Britons head to the polls to cast their votes in the country’s general elections on May 7, 2015. Six-hundred and fifty individuals will be elected as members of parliament (MPs) and make their way to Westminster. One person who isn’t running for a seat at Westminster, but who has nevertheless played a substantial role in shaping the entirety of the election—and, potentially, the after-election negotiations, too, which she’s insisted on leading—is the first minister of Scotland and the head of the Scottish National Party (SNP), Nicola Sturgeon.
The first minister gained a flurry of international attention after a televised party leaders’ debate in early April. Her well-received performance is credited with blowing the upcoming general elections wide open, with a third of Labour voters surveyed saying she “won it.”
Sturgeon, 44, has been first minister of Scotland since Nov. 2014. “Fairly standard, normal, working class” is how she has described her upbringing—a background which includes a council house and a state school. She entered politics young, joining the SNP at 16 (asked what sort of advice she’d give her 16-year-old self, Sturgeon said, “Lighten up,” and imagined young Nicola would tell her to “eff off” by way of reply). She first stood for election in 1992, which made her the youngest parliamentary candidate at the time.
Between then and now, she served in the Shadow Cabinet as cabinet secretary for health and wellbeing; incidentally, at the time of Scotland’s swine flu outbreak. She also served as deputy party leader for the SNP under Alex Salmond, who spearheaded the “Yes” movement during the 2014 independence referendum.
But much of Sturgeon’s political reputation derives from her policies. For one, she wants to get rid of Trident, Britain’s nuclear defense program. But she also has more practical goals: As The Telegraph notes, “she wants to remove the £26,000 annual benefits cap and get £180 billion more public spending; she wants the welfare system to be more generous and the minimum wage to rise to £8.70 an hour.”
Now, what sort of impact are we talking about? And why has she stood out? Electorally, of the 59 MPs that can be sent to Westminster from Scotland,50 SNP candidates are more or less currently on course to be elected. There was even a poll taken earlier in April that hinted all 59 seats might go to the SNP. “As a result,” Matt Singh, a polling analyst for Number Cruncher Politics, tells Quartz, “the SNP’s potential support for a Labour-led government—and the terms on which it would be given or withheld—has become increasingly salient.”
“Sturgeon’s performances in the [UK]-wide debate stood out, with—on average—over 20% of the respondents to the snap polls considering her to have won the seven-way debate,” Singh explains. “This was particularly impressive given the small fraction of those ‘votes’ that would have come from her own party’s supporters.”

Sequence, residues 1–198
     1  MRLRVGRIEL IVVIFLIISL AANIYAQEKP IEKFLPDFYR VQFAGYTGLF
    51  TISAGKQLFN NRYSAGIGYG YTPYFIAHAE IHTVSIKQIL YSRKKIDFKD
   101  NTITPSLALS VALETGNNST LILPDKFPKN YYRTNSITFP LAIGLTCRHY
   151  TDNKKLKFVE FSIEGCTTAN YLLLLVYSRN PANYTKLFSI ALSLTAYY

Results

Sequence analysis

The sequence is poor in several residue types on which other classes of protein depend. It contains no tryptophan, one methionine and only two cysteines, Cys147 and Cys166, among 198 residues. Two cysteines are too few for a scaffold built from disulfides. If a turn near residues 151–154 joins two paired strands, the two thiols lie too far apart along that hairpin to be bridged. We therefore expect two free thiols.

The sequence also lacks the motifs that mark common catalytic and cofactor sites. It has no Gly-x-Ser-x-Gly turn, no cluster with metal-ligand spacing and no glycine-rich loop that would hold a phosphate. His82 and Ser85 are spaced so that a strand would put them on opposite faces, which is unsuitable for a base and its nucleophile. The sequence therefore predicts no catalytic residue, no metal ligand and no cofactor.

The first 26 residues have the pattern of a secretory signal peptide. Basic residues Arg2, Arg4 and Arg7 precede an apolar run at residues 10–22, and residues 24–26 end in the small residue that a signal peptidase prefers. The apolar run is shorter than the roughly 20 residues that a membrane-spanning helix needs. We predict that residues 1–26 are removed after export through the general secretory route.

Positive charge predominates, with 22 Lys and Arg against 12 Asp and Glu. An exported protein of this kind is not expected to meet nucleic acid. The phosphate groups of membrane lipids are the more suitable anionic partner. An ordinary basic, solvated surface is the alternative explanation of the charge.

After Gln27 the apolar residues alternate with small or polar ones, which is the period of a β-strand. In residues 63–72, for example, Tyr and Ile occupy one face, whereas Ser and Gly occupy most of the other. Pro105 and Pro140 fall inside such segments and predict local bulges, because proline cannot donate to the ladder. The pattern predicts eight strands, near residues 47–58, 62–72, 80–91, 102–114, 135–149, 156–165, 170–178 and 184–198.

Harry McGrath, who reviewed a biography of Sturgeon for The Scottish Review of Books, tells Quartz that—by his estimation—“Nicola has stood out because she is a woman in a political world previously dominated by men. But, beyond that, she has come across as extremely sharp and articulate to the extent that she has made the men ranged against her—[David] Cameron, [Ed] Miliband, and [Nick] Clegg in particular—seem second-rate by comparison.”
David Torrance, who wrote the biography in question, tells Quartz via email that Sturgeon has “stood out largely because she’s new and fresh to most voters in the rest of the UK (in Scotland she’s been well-known and rated for a long time, almost eight years). She’s articulate, apparently sincere, and unlike other [major] party leaders in that she’s a) female and b) didn’t go to a private school in the south of England.” (She attended Dreghorn Primary and Greenwood Academy in Ayrshire, and graduated from the University of Glasgow in 1992. She attributes her political success to the tuition-free education she received at Glasgow.)
“Elections can be boring so new faces have a chance to shine, like Nick Clegg in 2010,” Torrance adds. “She also appears to offer something different, i.e., independence for Scotland and also more ‘progressive’ politics in the rest of the UK.”
But Torrance thinks Sturgeon might be more flash than substance, at times. “Sturgeon is a politician, and although talented, she’s stronger on presentation than coherent, credible, deliverable policies,” he notes. “Even so, a lot of Scots want to believe that she’s the real deal, different, honest, and likely to deliver what she promises to, and for a politician in this apathetic, cynical, anti-politics age to get 70% approval ratings (in Scotland, though [she is] also increasingly popular across the UK) is quite an achievement.”
“She did have a good track record when she was deputy first minister and health secretary,” Dr. Thomas Lundberg, a lecturer in politics at the University of Glasgow, tells Quartz, “so I’m not surprised that she has risen to the occasion. There are some concerns about what will happen if Salmond wins the seat he is contesting and goes to Westminster—will he be a back seat driver?”
“I suspect that he may try, but that Sturgeon will quickly assert her authority,” Lundberg theorizes. A new STV news poll released on April 29 suggested again that the SNP were on course to win all 59 seats in Scotland, and—if that holds true—establishing her authority shouldn’t be hard.